Banding Together: Director Sees Life In Full Color

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Banding Together: Director Sees Life In Full Color

Levy with Mr.Pierce, after giving him the glasses.

Levy with Mr.Pierce, after giving him the glasses.

Levy with Mr.Pierce, after giving him the glasses.

Levy with Mr.Pierce, after giving him the glasses.

Gina Quatrino, Staff Writer

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Red. Pink. Green. Brown. These were the colors that band director Preston Pierce could never fully differentiate on his own. On Friday, April 21, the band students eagerly waited outside in the band field, with an array of brightly colored balloons floating high above their heads. The colors danced in the wind in all hues of the rainbow. Senior Nicole Levy stood apart from the crowd, carrying a polkadot box in her hands. Inside the box were color blind correcting glasses that would allow Pierce to see life in full color for the first time.

“A lot of the time when I tell people I’m color blind they think I only see black and white,” Pierce said. “That’s not the case. I see color, and to me it seems normal until someone will point it out. Reds, browns and greens all sometimes blend together and I have a hard time distinguishing them.”

Pierce was categorized with mild Deuteranopia, which affects the way he perceives certain colors like red and green. When his band students first heard this, they did not believe him. However, after seeing his results on a color blind test, they knew it was real. That is when Levy had the idea to start a GoFundMe to raise money for Mr. Pierce to get the color correcting glasses.

“About a week into the GoFundMe, we had all the money raised,” Levy said. “The people who donated didn’t give pennies; they gave $25 to $50. We even had strangers donate. By the end we raised $475, which was over the goal.”

The glasses themselves cost $420, but with the added fees from shipping and handling, the band ended up with just the right amount. In order to make sure the GoFundMe was kept a secret, the entire band and the other music teachers had to be in on it.

“We spread the word through group chats and social media,” senior Lauren Finan said. “The other band directors also helped keep the information secret. It was mostly just working with other students though.”

Once the glasses arrived, Levy had to assign jobs to each of her classmates in order to have this surprise executed perfectly.

“My job during the whole thing was to distract him while Nicole was getting everything ready,” Finan said. “I pretended to get a call from Nicole saying he needed to go out to the band field. At that point he knew something was up, but nonetheless he was surprised.”
Senior Grant Fischer’s is known in band for his videography skills. His job was to record the event.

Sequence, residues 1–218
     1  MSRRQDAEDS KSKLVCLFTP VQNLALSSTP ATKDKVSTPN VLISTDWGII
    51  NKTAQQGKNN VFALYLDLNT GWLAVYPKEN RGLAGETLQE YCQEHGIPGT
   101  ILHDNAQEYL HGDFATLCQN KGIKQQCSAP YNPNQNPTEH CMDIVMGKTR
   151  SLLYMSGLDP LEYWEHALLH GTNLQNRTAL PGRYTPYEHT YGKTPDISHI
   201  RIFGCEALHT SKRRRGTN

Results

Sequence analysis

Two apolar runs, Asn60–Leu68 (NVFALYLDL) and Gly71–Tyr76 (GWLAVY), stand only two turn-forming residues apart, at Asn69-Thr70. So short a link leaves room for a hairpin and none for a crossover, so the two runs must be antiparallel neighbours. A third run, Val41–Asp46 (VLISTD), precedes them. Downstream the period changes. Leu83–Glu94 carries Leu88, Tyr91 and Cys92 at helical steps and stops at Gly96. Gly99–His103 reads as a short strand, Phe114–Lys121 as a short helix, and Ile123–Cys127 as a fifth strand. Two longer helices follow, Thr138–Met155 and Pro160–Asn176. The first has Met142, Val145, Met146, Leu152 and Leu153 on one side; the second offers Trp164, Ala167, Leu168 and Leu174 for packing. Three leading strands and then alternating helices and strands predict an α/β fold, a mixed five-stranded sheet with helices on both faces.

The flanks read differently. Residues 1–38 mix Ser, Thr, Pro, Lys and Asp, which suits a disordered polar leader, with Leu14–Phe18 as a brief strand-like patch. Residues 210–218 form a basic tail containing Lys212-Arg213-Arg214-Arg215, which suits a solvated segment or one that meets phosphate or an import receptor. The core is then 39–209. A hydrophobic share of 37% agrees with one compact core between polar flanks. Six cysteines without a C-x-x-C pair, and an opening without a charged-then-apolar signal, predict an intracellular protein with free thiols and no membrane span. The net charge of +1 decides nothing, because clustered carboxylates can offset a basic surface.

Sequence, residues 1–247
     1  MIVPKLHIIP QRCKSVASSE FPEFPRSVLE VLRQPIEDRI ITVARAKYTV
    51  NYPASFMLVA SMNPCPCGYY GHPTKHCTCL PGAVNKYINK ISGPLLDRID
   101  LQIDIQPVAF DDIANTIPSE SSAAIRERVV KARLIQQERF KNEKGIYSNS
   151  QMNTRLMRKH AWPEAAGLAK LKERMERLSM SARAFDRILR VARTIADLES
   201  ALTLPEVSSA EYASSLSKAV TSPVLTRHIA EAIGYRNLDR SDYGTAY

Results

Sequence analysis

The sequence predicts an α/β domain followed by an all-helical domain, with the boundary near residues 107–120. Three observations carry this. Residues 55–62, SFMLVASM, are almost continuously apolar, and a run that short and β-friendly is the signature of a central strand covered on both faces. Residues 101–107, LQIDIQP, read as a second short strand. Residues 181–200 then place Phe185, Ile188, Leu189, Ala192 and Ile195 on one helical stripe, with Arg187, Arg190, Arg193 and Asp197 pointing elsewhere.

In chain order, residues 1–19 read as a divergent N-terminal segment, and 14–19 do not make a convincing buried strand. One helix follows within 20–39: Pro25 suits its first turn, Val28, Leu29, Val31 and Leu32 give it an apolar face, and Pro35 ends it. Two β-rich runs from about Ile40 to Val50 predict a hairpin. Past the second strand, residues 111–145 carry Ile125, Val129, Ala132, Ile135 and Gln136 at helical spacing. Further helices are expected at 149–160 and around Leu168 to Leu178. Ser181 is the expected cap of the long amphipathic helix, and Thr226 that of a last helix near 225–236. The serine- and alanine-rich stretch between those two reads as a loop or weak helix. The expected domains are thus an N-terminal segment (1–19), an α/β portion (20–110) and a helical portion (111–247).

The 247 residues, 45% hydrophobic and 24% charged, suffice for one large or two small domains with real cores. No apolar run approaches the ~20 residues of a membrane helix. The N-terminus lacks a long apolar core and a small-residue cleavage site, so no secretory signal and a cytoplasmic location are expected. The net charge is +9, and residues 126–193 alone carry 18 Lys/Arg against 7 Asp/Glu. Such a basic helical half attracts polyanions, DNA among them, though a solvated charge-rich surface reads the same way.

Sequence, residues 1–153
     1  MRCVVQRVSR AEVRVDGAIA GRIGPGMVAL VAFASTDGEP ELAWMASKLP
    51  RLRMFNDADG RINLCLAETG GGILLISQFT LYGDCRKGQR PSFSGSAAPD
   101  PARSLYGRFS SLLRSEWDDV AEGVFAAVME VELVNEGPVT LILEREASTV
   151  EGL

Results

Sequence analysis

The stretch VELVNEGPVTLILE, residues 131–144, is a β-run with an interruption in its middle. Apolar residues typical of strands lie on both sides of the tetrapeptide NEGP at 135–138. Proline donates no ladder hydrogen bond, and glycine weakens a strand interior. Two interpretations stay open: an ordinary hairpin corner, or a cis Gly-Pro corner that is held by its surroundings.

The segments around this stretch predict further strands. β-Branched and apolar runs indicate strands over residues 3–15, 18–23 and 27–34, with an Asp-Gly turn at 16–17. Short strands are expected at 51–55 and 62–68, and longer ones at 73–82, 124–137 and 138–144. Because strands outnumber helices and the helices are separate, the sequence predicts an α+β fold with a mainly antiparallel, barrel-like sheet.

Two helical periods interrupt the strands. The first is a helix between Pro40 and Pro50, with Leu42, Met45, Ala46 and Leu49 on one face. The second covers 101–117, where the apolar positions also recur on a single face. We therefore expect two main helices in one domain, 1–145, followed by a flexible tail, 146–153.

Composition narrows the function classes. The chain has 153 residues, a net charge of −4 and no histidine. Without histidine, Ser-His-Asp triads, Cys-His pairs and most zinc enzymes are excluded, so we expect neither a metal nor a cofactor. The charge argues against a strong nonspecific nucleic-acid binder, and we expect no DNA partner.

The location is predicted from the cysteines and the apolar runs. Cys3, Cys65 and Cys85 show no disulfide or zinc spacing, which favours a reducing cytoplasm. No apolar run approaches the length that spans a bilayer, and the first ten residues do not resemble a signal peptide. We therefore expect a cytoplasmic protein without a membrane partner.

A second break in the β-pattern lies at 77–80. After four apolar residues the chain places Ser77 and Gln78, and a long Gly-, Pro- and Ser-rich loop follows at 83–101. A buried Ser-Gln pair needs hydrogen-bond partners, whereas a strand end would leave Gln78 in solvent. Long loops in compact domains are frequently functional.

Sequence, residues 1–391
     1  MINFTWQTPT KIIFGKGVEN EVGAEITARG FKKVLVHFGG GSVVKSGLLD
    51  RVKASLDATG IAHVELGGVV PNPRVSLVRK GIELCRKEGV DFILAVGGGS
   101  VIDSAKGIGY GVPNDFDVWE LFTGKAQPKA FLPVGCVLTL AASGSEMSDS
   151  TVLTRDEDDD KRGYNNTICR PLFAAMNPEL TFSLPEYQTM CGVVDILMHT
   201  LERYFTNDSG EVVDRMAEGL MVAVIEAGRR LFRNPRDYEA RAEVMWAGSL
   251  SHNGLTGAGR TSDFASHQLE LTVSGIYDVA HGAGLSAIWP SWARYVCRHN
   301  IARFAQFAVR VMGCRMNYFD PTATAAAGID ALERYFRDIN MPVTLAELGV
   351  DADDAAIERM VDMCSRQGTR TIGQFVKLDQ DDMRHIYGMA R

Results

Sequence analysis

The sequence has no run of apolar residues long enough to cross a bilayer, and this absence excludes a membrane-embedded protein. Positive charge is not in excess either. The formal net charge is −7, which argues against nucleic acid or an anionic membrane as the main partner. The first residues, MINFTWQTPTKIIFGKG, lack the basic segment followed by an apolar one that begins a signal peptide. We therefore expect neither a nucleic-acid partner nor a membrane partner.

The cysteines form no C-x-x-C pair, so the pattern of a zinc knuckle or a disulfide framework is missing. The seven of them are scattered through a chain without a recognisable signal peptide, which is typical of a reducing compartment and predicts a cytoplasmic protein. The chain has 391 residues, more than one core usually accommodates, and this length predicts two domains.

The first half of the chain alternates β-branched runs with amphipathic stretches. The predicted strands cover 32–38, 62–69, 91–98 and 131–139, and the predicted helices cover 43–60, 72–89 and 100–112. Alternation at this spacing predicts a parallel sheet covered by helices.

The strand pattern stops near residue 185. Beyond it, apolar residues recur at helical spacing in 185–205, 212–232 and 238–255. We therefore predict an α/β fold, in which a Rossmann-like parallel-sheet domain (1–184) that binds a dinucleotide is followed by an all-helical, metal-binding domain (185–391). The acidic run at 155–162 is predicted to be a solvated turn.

“I do a lot of video production and editing,” Fischer said. “Nicole came to me and asked if I wanted to use my equipment to film Mr. Pierce’s reaction. I’ve seen a lot of videos on YouTube of people reacting to wearing the glasses and I wanted to capture his.”

Levy had the rest of the students wear vibrant clothing and carry multi-colored balloons to make Pierce’s experience worthwhile.

“At first I was so confused, but when Nicole started talking I figured it out,” Pierce said. “It is definitely a moment I’m going to remember forever.”

After she presented Pierce with the glasses, he shed tears of joy. The timing of the event was deliberate. It was right before the band would take their group trip to Walt Disney World, so Pierce would be able to see the sights like never before.

“I’m planning on bringing the glasses to Disney,” Pierce said. “I’ve been to Disney in previous years with my family, but I’m excited to see it in full color.”

According to the students, they wanted to give their teacher these glasses because of the impact he has made on their lives.

“Mr. Pierce is by far my favorite teacher I’ve ever had,” Finan said. “We call him ‘Papa Pierce’ in band because he’s just super sweet and great at connecting with the students. He’s honestly a huge influence for me. He goes beyond just being a band director.”

Levy mentioned more about how Pierce’s storytelling inspired her to go through with the entire fundraiser.

“Mr. Pierce loves to tell stories,” Levy said. “During my freshman year, he was telling the band a story where he said, ‘Musicians are kind of like artists. Our art is our music. You have to add the colors to it.’ I wanted to present him with the fully colored canvas.”

Pierce has only been working at Plano West for a short time, but according to the students, they have really connected with him beyond the way they usually do with their teachers. When Pierce was told this, he expressed his gratitude immensely.

“It makes me feel very special,” Pierce said. “I live and I work in such a special place with special people. It’s not common or normal to have such thoughtful people around you all the time. I’m very lucky to have the job that I have and work with the students I get to work with every day.”

Since receiving the glasses, Pierce has spent a lot of time trying them on and seeing the world in a new light.

“I want to wear the glasses all the time,” Pierce said. “It’s like getting a new set of eyes. I just want to look at everything.”

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About the Writer
Gina Quatrino, Production Editor

Gina Quatrino is a senior and the Production Editor for the Plano West BluePrints. Aside from her passion for writing and journalism, Quatrino also has...

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Banding Together: Director Sees Life In Full Color